Higher Education: Too Much of a (Potentially) Good Thing?

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Recent decades have seen a dramatic expansion of higher education. Americans are accessing higher education at growing rates, at the undergraduate level and beyond. Though this phenomenon is widely celebrated, this Article argues that the proliferation of higher education also has a dark side. Using empirical evidence, we show that American higher education is plagued by an "arms race." Individuals acquire more education than they need for performing their job or for personal growth in order to gain an edge in a competitive job market. As people gain more education, employers become more selective, further fueling the educational arms race. This Article argues that this arms race is both socially wasteful and unjust. It is wasteful because individuals and the public invest enormous resources in higher education without increasing work productivity or contributing to economic growth. It is unjust because it benefits those who can afford to study while others are forced to either incur huge debt to fund education or work in low-paying, menial jobs. This Article then discusses several legal solutions aimed at mitigating the educational arms race. The suggestions are designed to target only cases in which the expansion of higher education is indeed inefficient and unjust rather than to restrict higher education generally. The first suggestion involves "banning the higher-education box"; that is, highereducation requirements should be considered discriminatory when they cause racial disparity and are unjustified by business necessity. Second, we suggest imposing a "signaling fee" on employers when they hire overeducated workers, and third, we propose encouraging practices of lifelong learning and on-the-job-training. Adopting these (and perhaps other) measures is crucial in order to reverse the educational arms race and safeguard higher education as the socially beneficial institution it should be.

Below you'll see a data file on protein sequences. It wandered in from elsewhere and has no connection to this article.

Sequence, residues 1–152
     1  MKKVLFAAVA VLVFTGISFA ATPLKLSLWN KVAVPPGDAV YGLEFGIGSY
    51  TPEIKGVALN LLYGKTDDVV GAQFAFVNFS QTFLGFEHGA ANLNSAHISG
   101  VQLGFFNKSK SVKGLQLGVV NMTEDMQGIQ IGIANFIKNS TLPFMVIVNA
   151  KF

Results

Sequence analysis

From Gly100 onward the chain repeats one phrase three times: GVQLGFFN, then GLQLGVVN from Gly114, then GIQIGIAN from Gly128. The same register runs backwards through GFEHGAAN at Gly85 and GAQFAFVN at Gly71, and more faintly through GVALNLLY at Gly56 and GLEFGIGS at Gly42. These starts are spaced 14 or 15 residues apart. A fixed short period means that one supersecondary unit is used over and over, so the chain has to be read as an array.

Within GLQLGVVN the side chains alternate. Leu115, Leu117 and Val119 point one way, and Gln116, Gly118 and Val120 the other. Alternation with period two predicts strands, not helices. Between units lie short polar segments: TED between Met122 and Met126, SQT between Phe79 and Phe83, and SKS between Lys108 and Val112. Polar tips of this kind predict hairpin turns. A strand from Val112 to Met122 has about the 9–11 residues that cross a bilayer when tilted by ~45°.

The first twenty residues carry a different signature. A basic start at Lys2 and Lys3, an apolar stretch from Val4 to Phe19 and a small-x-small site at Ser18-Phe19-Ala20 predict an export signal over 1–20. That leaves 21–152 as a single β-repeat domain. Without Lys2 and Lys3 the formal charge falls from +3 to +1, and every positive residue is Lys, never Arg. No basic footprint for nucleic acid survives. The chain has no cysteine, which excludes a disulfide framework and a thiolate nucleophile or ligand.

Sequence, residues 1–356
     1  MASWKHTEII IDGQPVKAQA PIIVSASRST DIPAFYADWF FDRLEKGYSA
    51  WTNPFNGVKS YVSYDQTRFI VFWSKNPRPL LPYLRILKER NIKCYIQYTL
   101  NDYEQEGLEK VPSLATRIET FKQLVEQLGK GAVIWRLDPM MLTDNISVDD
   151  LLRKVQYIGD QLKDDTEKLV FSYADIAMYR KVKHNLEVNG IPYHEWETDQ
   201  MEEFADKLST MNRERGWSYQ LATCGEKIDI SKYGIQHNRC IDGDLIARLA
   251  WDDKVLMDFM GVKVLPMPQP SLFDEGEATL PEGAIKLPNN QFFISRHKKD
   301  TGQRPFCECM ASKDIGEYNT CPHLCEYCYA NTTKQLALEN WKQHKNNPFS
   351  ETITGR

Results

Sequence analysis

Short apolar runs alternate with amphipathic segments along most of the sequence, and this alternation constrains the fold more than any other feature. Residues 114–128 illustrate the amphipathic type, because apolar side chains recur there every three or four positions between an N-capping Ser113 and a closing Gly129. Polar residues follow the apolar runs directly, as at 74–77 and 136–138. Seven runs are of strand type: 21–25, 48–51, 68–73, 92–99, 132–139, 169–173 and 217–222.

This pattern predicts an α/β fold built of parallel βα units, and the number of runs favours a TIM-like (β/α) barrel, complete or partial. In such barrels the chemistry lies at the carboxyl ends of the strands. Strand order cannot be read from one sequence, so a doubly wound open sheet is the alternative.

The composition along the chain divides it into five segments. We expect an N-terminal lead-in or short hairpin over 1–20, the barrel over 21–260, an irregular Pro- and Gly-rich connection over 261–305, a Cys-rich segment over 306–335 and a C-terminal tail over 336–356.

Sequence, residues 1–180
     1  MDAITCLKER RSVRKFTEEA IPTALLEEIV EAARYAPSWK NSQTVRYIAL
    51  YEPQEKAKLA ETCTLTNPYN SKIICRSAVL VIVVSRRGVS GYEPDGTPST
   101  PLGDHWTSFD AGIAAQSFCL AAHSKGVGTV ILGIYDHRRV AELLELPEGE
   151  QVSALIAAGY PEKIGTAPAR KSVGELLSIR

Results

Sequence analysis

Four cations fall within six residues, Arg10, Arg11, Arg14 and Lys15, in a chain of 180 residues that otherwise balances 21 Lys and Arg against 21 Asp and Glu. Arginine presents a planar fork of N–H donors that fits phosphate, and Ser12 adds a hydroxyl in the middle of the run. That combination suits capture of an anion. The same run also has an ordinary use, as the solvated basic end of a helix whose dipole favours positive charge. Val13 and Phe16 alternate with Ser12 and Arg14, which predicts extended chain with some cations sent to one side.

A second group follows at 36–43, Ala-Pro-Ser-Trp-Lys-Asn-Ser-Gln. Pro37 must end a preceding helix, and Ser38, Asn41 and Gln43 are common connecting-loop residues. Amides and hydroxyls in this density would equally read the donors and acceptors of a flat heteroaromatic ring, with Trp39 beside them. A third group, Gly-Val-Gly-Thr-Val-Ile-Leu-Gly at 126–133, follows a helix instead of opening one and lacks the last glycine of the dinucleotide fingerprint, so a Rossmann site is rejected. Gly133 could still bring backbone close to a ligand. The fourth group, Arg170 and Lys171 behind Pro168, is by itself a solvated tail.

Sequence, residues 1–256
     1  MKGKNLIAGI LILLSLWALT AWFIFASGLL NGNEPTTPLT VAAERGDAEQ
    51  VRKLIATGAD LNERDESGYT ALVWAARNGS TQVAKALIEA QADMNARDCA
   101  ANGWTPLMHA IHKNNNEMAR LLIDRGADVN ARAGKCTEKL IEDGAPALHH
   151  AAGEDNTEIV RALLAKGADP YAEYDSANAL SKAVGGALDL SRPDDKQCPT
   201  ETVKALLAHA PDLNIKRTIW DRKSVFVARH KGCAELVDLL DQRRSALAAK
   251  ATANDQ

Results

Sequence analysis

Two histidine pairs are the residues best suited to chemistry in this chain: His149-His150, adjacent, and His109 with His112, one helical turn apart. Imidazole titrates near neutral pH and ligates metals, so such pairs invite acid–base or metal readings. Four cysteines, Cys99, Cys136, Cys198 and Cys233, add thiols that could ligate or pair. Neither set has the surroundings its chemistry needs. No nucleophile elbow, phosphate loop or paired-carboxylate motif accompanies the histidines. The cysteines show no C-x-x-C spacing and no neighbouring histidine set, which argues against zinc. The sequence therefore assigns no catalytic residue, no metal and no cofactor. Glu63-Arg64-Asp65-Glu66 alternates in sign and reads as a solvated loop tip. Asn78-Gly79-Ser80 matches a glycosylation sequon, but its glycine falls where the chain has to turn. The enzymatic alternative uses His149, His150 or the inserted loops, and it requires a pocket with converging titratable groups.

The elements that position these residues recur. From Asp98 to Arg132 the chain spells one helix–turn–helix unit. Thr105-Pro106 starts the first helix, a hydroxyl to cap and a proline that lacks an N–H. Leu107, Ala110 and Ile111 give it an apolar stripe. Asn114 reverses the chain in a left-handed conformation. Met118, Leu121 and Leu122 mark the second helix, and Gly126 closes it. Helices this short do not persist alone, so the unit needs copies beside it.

Original languageEnglish
Pages (from-to)761-805
Number of pages45
JournalWake Forest law review
Issue number3
StatePublished - 1 Sep 2019


  • Human capital
  • Job performance
  • Higher education -- United States
  • Bachelor's degree
  • Equality
  • United States


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